Dan Clark Balances History and Modernity at Roache & O’Brien

A new owner looks to continue—and improve on—Roache & O’Brien’s formidable dive-bar legacy.

Monday’s aren’t typically high-volume days for bars. But on this balmy Monday, Dan Clark has a lot on his mind. Sitting at a table in Haverford’s venerable Roache & O’Brien, he discusses his plans for the tavern he acquired in early May. Clark faces a unique challenge in maintaining the soul and spirit of a 91-year-old landmark, which opened right after Prohibition was repealed. He also operates restaurants in Philadelphia, Bryn Mawr and Avalon, New Jersey—and he knows he’s inherited something special in Roache & O’Brien. “The place has been around almost 100 years,” he says. “They did something right.”

Roache’s—as it’s known by many regulars—sits next to a Lexus dealership and across the street from a jeweler that sells Rolex watches. With its come-one, come-all atmosphere, it has cultivated a rare vibe on the Main Line. At Roache’s, attorneys, college students and landscapers line the bar, along with the diehards who’ve occupied the same barstools four nights a week for 35 years or more.

“Longtime owner Franny O’Brien, who ran Roache & O’Brien for 50 years and passed away in October 2022, wanted to “keep it comfortable”—and his fiercely loyal clientele wouldn’t have it any other way.

There’s rarely any trouble. Longtime owner Franny O’Brien, who ran the bar for 50 years and passed away in October 2022, wanted to “keep it comfortable”—and his fiercely loyal clientele wouldn’t have it any other way.

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If this were simply a matter of a makeover, Clark could handle it easily. But this is different. Clark must balance his instincts to move Roache’s forward without corrupting the feeling that’s been there since John O’Brien opened the bar in 1933. “There’s a fear of major change,” he says. “But time will tell. As we get to know each other, trust will build.”

Clark grew up in Moorestown, New Jersey, and holds a degree from Princeton University. He and his wife, Laurie, live in the Rittenhouse section of Philadelphia. They’ve enrolled their two children at the Haverford School, so it’s likely they’ll move closer to Roache & O’Brien before long. Clark’s family has been in the restaurant business for three generations, and his portfolio includes Philadelphia’s Pub & Kitchen and Trattoria Carina, Avalon’s Diving Horse, and Bryn Mawr’s Carina Sorella, the latter opening in May. He views Roache’s much the way he does Pub & Kitchen at 20th and Lombard Streets. Both have a strong bar component, though the menu at Pub & Kitchen offers a few more refined dishes. Still, it’s tough to imagine the Roache’s crowd ordering the Arctic char.

Clark believes Roache’s will benefit greatly from some new menu items. He’s adding wings, for example. Roache’s is already known for its burgers, and Clark will likely add another version of the standard. There will be other new food entries, in an attempt to attract customers who might want something lighter. You can also expect the wine and spirits list to grow and improve.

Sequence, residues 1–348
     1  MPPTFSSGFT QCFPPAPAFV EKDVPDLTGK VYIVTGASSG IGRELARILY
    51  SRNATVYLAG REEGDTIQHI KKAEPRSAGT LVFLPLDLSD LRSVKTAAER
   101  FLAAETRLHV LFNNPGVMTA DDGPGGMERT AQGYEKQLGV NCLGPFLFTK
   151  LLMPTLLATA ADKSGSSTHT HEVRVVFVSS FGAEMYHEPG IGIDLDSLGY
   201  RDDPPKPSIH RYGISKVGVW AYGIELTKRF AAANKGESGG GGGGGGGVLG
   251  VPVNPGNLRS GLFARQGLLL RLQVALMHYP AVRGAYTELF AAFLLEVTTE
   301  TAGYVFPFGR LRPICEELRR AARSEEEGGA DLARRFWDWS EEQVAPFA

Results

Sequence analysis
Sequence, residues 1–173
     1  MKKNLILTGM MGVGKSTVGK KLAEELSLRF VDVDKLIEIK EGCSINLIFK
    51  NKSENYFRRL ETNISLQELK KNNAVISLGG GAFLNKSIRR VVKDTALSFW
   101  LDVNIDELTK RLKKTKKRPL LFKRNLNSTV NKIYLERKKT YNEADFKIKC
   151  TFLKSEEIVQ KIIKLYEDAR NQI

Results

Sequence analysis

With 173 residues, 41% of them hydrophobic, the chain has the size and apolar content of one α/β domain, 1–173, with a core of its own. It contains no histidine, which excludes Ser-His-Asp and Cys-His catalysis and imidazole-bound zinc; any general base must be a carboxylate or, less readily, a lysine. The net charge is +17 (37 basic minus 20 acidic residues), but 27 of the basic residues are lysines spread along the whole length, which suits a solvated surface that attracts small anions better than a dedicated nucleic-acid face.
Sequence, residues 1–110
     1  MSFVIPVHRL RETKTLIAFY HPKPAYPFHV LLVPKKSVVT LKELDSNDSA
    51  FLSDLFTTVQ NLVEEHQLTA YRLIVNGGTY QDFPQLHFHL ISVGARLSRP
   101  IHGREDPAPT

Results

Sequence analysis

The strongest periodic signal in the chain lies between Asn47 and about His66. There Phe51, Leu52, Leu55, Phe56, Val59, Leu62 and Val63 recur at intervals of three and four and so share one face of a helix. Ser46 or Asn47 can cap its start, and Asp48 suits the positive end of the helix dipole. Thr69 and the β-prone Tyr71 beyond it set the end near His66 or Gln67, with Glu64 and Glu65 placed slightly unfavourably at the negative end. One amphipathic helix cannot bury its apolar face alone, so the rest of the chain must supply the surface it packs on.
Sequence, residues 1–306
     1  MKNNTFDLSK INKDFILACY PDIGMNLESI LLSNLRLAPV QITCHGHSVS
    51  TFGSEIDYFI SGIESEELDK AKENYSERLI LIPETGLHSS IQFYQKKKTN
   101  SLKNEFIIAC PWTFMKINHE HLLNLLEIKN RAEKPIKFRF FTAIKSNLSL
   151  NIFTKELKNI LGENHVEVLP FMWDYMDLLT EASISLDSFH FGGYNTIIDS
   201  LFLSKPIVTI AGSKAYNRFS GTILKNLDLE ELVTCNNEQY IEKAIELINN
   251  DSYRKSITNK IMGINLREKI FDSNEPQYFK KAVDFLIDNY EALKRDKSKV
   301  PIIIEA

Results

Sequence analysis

“He doesn’t have an interest in changing it,” says Kevin Diehl, who’s bartended and cooked at Roache’s for 22 years. “He wants to upgrade certain things, but he wants to keep the sense and heart of the place. People treat this place like it’s their family home.”

“It’s never been a place where you feel you have to impress anybody.”

Patrons can expect to see bigger TVs, and the two-bedroom apartment that sits atop the bar will likely be converted to a space for events or overflow dining. “I don’t think too much change can happen at first,” Clark says.

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Change is, no doubt, needed—and 12-year Roache’s employee Bryan Johanning has confidence in Clark. “Dan knows what works,” he says. “The guy is smart and successful.”

When members of the O’Brien family met with Clark during the sale process, they advised him to embrace the bar’s vision—but they also want him to have success. One of Franny’s three children, Pat O’Brien had “mixed emotions” about the sale, and he’s expressed gratitude for the “patrons who’ve become friends and staff who’ve become family.” It’s all part of the overall familial vibe Roache’s has engendered for so long. “It’s never been a place where you feel you have to impress anybody,” O’Brien says.

It’s Clark’s place now, and he should be able to win over its loyal following with a hybrid that celebrates 91 years of history while looking ahead to at least 91 more. “I hope when people come in, it feels like they remember it—with a little something different,” Clark says.

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